Why? Scouts have talked about Trout's preternatural ability to hit off-speed stuff, and the pitch-type numbers back it up. He's got the second most runs off sliders and changes and sixth most off cutters.

15. Trout also is an incredible bad-ball hitter.

How do you spend the first month of the season in Triple-A and end the year as perhaps the best player on the planet? Hitting off-speed pitches is a good start, and hitting bad ones is even better. On pitches classified as low and away, Trout is hitting a baseball-best .379 this season. Next on the list? Alex Gordon at .315. The major league average on such pitches is .211.

16. Trout is one of a dozen hitters with no weaknesses.

And, by no weaknesses, we mean neutral or positive pitch-type values. Joining him are some of the expected (Josh Hamilton, Miguel Cabrera, Carlos Gonzalez), plenty more from the next tier of hitter (Josh Willingham, Adrian Beltre, Paul Goldschmidt, Ben Zobrist), a few surprises (Dexter Fowler, Alex Rios, David DeJesus) and one web scion (Melky Cabrera).

Among pitchers, Justin Verlander, Felix Hernandez, Stephen Strasburg, Chris Sale, R.A. Dickey and Gio Gonzalez make sense. And then there are three rookies: Wade Miley, Jarrod Parker and Matt Moore.

17. Trout's teammate is the best bunter in the game.

Erick Aybar leads the major leagues with 15 bunt hits this season. Had 18 two years ago and 15 last year as well, and it's not like he's doing this with an excessive amount of tries, either. Aybar is running at a career-high 50 percent success rate this season.

Also quite impressive: Blue Jays center fielder Colby Rasmus, who is 7 for 7 on bunt-for-hit tries.

18. Speaking of best, behold David Price's fastball.

His 23.4 runs with the heater tops the chart of pitch-type values for pitchers. The others:

Slider: Madison Bumgarner, 20.6
Cutter: Scott Atchison, 10.3
Curveball: A.J. Burnett, 11.7
Changeup: Jason Vargas, 16.6
Splitter: Jeff Samardzija, 9.3
Knuckleball: R.A. Dickey, 22.9

Perhaps Nick Blackburn's trip to Triple-A will straighten out the issues that make his fastball the worst pitch of the season at -25.6. His contemporaries in mediocrity:

Slider: Rick Porcello, -14.9
Cutter: James Shields, -9.1
Curveball: Randy Wolf, -10.8
Changeup: Mike Leake, -12.0
Splitter: Jason Frasor, -4.2
Knuckleball: R.A. Dickey, 22.9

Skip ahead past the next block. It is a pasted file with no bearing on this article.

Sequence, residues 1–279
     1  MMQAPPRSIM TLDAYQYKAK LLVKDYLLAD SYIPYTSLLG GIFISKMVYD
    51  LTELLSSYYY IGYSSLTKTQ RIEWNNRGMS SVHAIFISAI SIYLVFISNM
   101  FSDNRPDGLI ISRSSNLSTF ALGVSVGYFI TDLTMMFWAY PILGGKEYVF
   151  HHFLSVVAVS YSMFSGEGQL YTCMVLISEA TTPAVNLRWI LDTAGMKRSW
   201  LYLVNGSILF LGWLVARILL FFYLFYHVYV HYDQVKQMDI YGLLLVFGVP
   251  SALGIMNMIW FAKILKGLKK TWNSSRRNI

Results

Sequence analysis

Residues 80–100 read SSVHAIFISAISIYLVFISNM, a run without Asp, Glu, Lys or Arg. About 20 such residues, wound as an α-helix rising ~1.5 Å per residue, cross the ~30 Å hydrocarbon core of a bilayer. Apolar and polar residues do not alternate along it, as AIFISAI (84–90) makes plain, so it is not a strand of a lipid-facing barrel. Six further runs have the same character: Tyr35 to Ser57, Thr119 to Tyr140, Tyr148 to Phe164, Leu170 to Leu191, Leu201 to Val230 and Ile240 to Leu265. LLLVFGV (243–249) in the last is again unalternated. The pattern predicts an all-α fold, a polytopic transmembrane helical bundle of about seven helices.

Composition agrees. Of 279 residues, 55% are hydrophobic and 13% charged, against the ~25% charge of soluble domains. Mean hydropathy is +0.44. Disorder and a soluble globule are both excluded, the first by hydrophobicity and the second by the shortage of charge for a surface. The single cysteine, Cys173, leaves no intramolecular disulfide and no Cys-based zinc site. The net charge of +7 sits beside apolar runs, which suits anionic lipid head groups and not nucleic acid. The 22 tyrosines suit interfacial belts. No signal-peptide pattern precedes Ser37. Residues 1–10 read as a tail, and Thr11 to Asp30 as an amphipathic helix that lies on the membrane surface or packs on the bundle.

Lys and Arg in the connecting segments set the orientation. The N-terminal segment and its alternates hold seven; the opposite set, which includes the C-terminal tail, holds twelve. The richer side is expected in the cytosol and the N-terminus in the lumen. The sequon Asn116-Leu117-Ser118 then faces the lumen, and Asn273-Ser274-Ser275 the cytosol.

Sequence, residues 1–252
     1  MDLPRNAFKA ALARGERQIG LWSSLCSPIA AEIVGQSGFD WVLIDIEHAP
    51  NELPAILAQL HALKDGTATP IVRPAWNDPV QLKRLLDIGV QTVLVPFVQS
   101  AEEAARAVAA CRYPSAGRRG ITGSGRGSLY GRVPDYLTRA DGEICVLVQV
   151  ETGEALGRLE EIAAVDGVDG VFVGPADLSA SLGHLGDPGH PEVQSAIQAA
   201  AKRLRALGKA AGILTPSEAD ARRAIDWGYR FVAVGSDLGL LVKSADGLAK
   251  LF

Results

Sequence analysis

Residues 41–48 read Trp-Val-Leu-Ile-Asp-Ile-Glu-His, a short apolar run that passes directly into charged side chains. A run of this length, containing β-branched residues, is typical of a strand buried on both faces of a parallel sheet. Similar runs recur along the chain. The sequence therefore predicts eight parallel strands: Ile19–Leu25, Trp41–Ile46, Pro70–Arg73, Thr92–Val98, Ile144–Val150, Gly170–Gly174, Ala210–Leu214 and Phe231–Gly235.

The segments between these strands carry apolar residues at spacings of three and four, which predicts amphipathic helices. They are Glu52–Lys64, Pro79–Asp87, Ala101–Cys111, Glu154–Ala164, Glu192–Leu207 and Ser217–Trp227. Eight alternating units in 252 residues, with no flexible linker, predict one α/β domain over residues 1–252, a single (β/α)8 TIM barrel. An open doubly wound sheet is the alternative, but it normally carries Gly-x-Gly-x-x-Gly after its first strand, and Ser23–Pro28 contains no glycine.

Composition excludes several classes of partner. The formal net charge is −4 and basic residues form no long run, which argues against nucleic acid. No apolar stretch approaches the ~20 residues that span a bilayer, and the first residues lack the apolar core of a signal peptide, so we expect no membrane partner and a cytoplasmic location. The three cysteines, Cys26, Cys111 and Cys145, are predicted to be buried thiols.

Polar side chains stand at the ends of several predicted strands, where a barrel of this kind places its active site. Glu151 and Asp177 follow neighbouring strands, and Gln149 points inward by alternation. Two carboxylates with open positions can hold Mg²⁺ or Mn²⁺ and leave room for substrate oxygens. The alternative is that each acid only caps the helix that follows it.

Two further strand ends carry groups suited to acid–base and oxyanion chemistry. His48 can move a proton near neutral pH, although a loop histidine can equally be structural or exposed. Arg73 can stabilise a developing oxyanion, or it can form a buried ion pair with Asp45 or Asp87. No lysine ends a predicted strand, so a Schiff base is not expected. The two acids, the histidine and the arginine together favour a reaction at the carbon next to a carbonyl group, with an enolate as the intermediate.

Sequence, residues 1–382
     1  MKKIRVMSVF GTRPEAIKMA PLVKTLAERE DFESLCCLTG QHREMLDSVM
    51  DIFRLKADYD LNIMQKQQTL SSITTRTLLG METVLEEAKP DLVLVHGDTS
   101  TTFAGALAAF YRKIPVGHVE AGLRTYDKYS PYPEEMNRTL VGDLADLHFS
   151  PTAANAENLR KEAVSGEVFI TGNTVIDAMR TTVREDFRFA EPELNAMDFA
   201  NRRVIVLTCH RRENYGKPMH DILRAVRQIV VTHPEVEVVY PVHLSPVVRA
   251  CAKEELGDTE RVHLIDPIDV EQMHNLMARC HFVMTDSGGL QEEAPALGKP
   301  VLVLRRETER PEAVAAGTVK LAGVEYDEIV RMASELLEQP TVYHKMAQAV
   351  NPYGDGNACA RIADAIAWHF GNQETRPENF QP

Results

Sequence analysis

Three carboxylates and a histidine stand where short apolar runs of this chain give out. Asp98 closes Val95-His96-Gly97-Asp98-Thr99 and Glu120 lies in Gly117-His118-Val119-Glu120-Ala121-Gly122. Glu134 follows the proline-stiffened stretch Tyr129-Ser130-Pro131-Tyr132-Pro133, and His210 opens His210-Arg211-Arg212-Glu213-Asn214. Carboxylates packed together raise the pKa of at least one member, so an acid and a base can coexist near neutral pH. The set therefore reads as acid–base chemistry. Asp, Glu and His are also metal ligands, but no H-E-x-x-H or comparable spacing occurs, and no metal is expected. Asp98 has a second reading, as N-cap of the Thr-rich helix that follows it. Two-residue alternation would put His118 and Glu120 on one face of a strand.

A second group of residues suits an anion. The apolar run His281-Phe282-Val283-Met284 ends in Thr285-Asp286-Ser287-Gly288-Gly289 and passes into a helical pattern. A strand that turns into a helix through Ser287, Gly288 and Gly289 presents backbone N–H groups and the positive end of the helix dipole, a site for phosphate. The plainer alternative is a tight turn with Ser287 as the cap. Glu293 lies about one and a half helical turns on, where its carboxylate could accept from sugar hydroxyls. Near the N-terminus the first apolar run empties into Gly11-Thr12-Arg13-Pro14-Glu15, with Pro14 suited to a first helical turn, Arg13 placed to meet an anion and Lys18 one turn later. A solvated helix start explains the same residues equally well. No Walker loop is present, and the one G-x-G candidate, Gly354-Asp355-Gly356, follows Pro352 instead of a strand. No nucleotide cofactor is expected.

(It has to be best and worst if it's the only one, right?)

19. Bartolo Colon ate more meatballs, threw more fastballs than R.A. Dickey does knuckleballs.

Actually, before his PED suspension, Colon threw the second most fastballs of any starters since data collection began at 89.2 percent. The most? Him in 2009 at 90 percent.

The greatest practitioners of other pitches among starters this year:

Slider: Madison Bumgarner, 38.2 percent

Cutter: Dan Haren, 37.7 percent
Curveball: A.J. Burnett, 33.3 percent
Changeup: James Shields, 29.4 percent (and almost more than the fastball, which, at 31.1 percent, is the lowest for a starter in baseball)
Splitter: Carlos Zambrano, 21.4 percent
Knuckleball: R.A Dickey, 85.5 percent

20. Relievers are setting records for frequency of off-speed pitches thrown.

Nobody over the last decade has thrown sliders like Luke Gregerson is this year. He's at 67.3 percent, edging by Kiko Calero's 66.4 percent in 2006. Similarly, Jose Arredondo is tempting fate by throwing a splitter 56.2 percent of the time.

And with Mariano Rivera out for the season, Arizona reliever Bryan Shaw tried to be Mo 2.0. Aside from Rivera in 2009-11, nobody has thrown a higher percentage of cutters than Shaw's 82.4. The next-highest this year is Atchison at 53.9 percent.

[Video: Video: Austin Jackson’s incredible catch saves Detroit’s day in extra innings]

21. Whatever you throw: Try to make sure Jason Kubel doesn't swing on the first pitch.

On the 22 first pitches Kubel has put into the field of play this season, his OPS is 1.727. The next highest is Edwin Encarnacion at 1.465. Carlos Beltran has a bigger, if not sufficient, sample size at 63 at-bats with a 1.413 OPS.